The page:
Fernando Signorini’s memory is that Diego Maradona’s room looked like a pharmacy. The number 10 personal physical trainer asked him what the bottles were on the dressing table at the hotel where the Argentine national team stayed in Boston, during the 1994 World Cup, in the United States.
Only one person knew. And it wasn’t Maradona himself.
“Nobody had heard of Daniel Cerrini. He was a stranger until Diego showed up with him at the rally and demanded that he go to the World Cup”, recalls Roberto Peidró, a doctor at the AFA (Argentine Football Association).
The way was set for one of the most controversial moments in the history of World Cups: Maradona’s doping. Cerrini would go from an obscure character to the protagonist of a traumatic episode in Argentine football.
“To this day I find it all strange. I don’t know if anyone received money, if it was a political issue or if there is any other side that we don’t know. The only certainty I have is that Diego did not dope on purpose”, he tells Sheet28 years after the episode, Fernando Signorini.
Maradona was caught in the anti-doping test with ephedrine, a substance that offers energy stimulation, improves athletic performance and helps to lose weight. The test was carried out after the victory over Nigeria in the second round of the group stage.
“He was happy with what he was playing, and we felt that Argentina could be on the way to the title”, says Sergio Goycochea, reserve goalkeeper at the tournament and witness of what happened in concentration.
Today everyone recognizes that they should have questioned the ace more often about what he was ingesting, advised by Cerrini. Nobody wanted to challenge him. Maradona was more than captain of the team, and his authority went beyond that of Alfio Basile, the coach.
Cerrini was a bodybuilder, owner of the New Age gym in Belgrano, near the River Plate stadium in Buenos Aires. The midfielder had an apartment in the region.
The most accepted version is that they met through Zulemita Menen, daughter of the then President of the Republic, Carlos Menem. In the book “El Último Maradona: cuando a Diego le Cortaran las Piernas”, journalists Alejandro Wall and Andres Burgo recall that Cerrini was a friend of Sergio Goycochea’s wife.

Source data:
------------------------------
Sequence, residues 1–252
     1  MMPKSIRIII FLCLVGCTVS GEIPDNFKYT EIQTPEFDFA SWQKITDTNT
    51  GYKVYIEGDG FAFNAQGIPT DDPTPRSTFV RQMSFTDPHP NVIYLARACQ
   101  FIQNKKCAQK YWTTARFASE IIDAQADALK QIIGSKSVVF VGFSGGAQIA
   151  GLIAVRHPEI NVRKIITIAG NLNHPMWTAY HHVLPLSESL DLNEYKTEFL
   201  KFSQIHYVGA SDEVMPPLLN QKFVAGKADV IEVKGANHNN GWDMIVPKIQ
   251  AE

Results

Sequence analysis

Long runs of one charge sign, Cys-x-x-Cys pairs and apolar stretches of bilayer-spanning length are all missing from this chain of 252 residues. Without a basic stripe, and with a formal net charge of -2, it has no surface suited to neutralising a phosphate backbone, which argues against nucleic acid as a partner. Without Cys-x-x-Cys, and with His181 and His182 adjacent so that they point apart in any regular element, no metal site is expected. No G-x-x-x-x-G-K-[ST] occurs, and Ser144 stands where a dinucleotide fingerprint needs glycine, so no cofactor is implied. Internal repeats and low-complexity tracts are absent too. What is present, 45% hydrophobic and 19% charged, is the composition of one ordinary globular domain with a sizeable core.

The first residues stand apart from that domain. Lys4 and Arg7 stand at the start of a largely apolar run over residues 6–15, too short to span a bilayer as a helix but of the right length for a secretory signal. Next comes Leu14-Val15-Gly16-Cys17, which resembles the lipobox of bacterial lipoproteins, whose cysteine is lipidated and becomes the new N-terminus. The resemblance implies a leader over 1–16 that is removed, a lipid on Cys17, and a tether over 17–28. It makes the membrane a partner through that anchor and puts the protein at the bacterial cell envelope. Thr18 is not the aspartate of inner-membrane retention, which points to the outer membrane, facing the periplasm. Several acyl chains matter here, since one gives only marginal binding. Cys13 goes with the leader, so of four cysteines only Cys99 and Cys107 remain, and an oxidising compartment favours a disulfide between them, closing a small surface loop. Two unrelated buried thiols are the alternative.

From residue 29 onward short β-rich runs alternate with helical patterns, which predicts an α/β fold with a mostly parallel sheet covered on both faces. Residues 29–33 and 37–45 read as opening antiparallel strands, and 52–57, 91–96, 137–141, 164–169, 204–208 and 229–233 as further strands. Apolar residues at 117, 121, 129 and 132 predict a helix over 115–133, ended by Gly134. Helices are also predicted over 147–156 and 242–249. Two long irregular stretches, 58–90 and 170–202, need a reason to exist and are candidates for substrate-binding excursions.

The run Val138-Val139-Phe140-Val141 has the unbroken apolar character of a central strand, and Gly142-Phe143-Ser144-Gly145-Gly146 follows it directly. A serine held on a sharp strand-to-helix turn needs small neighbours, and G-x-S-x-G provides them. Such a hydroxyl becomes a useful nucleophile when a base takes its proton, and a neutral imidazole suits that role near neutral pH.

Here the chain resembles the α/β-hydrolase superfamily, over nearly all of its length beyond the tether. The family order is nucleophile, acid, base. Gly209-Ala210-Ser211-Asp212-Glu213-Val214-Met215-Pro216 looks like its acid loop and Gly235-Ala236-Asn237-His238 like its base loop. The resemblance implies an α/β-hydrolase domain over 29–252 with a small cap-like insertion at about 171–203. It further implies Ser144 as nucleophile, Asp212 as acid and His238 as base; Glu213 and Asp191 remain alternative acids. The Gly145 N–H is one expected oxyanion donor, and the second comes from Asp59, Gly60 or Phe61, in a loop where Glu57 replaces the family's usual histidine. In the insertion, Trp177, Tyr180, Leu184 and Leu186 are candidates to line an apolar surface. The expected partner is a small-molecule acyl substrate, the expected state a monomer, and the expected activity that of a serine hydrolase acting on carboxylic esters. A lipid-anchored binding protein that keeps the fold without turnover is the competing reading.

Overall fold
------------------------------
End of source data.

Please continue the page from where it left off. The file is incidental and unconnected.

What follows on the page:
The year was 1993, and Maradona was away from football. From the stands of the Monumental de Núñez stadium, he watched Argentina be thrashed 5-0 by Colombia and heard thousands of fans begging for his return. He called Signorini to help him get in shape.
The fitness coach took him to the El Marito ranch in Santa Fe, in the middle of nowhere. A farm where the television only tuned one TV channel and with hot water for two daily baths.
“When he saw that the TV wasn’t working, he went out the window and shouted: ‘Where did you take me, you son of a bitch?’. I replied back: ‘For Fiorito!'”, says Signorini, referring to the neighborhood where the ace grew up.
The clear message was that Maradona would have to find himself again. Accompanied by his friend and father, “don Diego”, he lost weight and applied himself in training. Away from cocaine, he had withdrawals. But he took the field in both repechage matches against Australia. Argentina qualified.
Cerrini appeared to help him with “supplements” and exercise programs.
“I was immediately suspicious. I asked Diego why he needed that guy’s presence. He replied that he was a friend and would help”, recalls the trainer.
One of Cerrini’s supplements — who had already been involved in a doping episode by an athlete in a bodybuilding competition in São Paulo, in the 1980s — was called Ripped Fast. One argument of the conspiracy theories that formed later about doping is that Maradona had been taking the pills for months, had been tested and had never come back positive.
The issue was that the product ended up during the preparation for the World Cup, already in the United States. At Cerrini’s request and Maradona’s order, the selection’s technical committee bought more capsules of a product that would be identical, called Ripped Fuel. But these had ephedrine. Nobody noticed.
As soon as the doping news broke, the national team doctors invaded Cerrini’s room and put him against the wall.
“What did you give him? What did you give him?”, they shouted, as Peidró remembers.
The bodybuilder was soon withdrawn from the concentration and sent back to Argentina. Upon landing in Buenos Aires, he found the country in commotion. Without the presence of Maradona, the selection was defeated by Bulgaria in its group and eliminated in the round of 16 by Romania.
At the initiative of Julio Grondona, president of the AFA, the number 10 and captain was removed from the delegation even before FIFA (International Football Federation) took any decision. Diego would later be suspended for 15 months. He swore his innocence and said, in one of his most memorable lines, that his legs had been cut off. Grondona’s political decision made him rewarded by João Havelange, a Brazilian who commanded football’s highest body.
The Argentinian started his ascension in FIFA that made him reach the vice presidency.
Cerrini went on to be a cursed figure in Argentine football, but Maradona never blamed him.
“He was wrong, but I take responsibility,” he wrote in his biography, “Yo Soy el Diego.”
Daniel Cerrini could not be reached for comment.